Effective Sept. 1, a presidential memorandum took effect that enables employers to temporarily defer Social Security payroll taxes to provide employees with a higher income through the end of this year. The reason has to do with the ongoing threat of the coronavirus. “American workers have been particularly hard hit by this ongoing disaster. While the Department of the Treasury has already undertaken historic efforts to alleviate the hardships of our citizens, it is clear that further temporary relief is necessary to support working Americans during these challenging times,” the memorandum reads.
It was less than a month between the memorandum and the effective date, and other than scant guidance from the Internal Revenue Service, both employers and employees have been left to figure out how and whether to implement the President’s order.
Payroll taxes, by the way, involve a 12.4% payroll deduction to fund Social Security and a 2.9% deduction to fund Medicare. Employers and employees split the responsibility for these costs. Social Security taxes are subject to a wage cap that is adjusted annually (the amount is $137,000 this year). The Medicare tax does not have a cap.
Here’s what we know about the President’s memo so far:
- The payroll tax “holiday” runs from Sept. 1 through Dec. 31, 2020.
- It applies only to employees who make less than $4,000 for a biweekly pay period. This includes salaried employees who make less than $104,000 per year.
- Employers that defer collecting payroll tax from employees will need to pay that money to the government by April 30, 2021, meaning that from Jan. 1 through April 30, they would have to collect additional payroll taxes from employees to make the government whole.
- If your employer participates in this program, you will still owe the taxes, even if they aren’t withheld from your paychecks through the end of the year. Be sure to plan accordingly.
What we don’t know at this point will make this a much longer blog post. Users of Intuit’s Quickbooks received this notification on Sept. 1, letting customers know that the company is seeking clarification from the IRS on how to implement the order. Employers who maintain their own payroll systems are likely also wondering how quickly they will be able to implement changes to their systems.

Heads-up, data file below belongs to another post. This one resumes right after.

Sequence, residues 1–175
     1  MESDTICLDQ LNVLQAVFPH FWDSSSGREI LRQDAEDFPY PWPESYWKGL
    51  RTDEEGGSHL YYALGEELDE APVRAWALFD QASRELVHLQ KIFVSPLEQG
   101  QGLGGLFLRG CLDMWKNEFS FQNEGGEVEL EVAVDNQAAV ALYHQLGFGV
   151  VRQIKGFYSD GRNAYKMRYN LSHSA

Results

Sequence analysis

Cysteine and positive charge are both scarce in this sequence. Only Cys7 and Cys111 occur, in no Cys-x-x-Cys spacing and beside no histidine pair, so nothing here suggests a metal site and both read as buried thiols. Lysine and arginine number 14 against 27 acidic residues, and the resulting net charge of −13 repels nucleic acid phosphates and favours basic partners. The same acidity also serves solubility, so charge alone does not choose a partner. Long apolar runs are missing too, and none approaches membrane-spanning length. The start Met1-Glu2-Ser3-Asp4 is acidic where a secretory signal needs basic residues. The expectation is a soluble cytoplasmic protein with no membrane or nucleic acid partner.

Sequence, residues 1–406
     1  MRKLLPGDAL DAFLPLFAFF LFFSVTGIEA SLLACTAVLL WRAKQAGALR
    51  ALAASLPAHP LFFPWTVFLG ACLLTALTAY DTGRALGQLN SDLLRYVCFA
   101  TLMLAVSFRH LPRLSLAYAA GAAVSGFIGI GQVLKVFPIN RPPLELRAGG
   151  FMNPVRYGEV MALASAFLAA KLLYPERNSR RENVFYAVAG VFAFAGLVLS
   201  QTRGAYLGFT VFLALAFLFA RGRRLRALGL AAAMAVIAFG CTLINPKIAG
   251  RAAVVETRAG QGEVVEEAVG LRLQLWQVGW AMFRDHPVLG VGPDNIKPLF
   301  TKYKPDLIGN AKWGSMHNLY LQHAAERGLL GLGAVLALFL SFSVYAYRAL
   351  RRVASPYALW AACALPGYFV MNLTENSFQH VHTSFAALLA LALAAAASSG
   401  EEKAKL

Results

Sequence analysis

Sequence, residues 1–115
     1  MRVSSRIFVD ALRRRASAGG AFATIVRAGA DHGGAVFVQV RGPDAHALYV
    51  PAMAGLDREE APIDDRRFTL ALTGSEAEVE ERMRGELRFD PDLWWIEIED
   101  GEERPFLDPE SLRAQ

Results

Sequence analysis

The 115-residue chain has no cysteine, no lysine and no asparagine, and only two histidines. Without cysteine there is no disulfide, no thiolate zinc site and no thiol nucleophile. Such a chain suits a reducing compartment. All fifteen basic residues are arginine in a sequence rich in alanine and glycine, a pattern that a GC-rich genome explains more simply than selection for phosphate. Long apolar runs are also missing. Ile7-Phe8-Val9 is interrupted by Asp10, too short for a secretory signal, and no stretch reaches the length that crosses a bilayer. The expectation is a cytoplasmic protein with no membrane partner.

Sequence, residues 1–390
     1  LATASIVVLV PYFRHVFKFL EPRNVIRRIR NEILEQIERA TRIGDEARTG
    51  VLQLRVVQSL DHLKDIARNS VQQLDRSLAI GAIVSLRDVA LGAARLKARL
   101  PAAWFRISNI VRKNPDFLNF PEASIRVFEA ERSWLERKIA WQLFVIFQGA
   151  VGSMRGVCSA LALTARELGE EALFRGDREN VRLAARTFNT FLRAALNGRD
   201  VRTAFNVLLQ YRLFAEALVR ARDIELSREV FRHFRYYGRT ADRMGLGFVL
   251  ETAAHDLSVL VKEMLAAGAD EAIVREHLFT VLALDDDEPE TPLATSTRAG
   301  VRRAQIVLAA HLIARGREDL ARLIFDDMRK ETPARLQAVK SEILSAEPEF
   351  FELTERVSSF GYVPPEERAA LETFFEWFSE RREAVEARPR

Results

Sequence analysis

Interestingly, the president’s memo and the IRS guidance don’t indicate that the payroll tax suspension is mandatory for all employers, causing some to say they’ll treat it as voluntary. However, if an employer does decide to participate, the guidance also does not discuss allowing individuals to opt out, an issue that was raised as a concern by employers when the President issued his memo.
If an employee leaves his or her job at the end of the year, is the employer stuck holding the bag for the taxes the employee would owe next year? The IRS’s guidance says employers “may make arrangements to otherwise collect the total applicable taxes from the employee.” The employer is still responsible for paying the employee’s share of the Social Security taxes, but without an agreement with the departing employee, it may have to pursue collections or other legal means to recoup the deferred amount.
The Takeaway, For Now
The most important thing to know for now — if you are a qualified employee whose employer participates in the deferral program — is that while your paycheck may seem larger through the end of the year, it’s not a gift from the government (even though White House economic adviser Larry Kudlow hinted at legislation to forgive the deferment later). Your best course is to make sure you can withstand a smaller paycheck when it comes time to collect the tax starting in January.
As often happens, it’s possible we’ll see some additional guidance from the IRS in the coming weeks. AMDG Financial and AMDG Business Advisory Services are continuing to learn the implications of the President’s order, and we’ll keep you posted with any new developments. In the meantime, please feel free to contact us if we can be of assistance.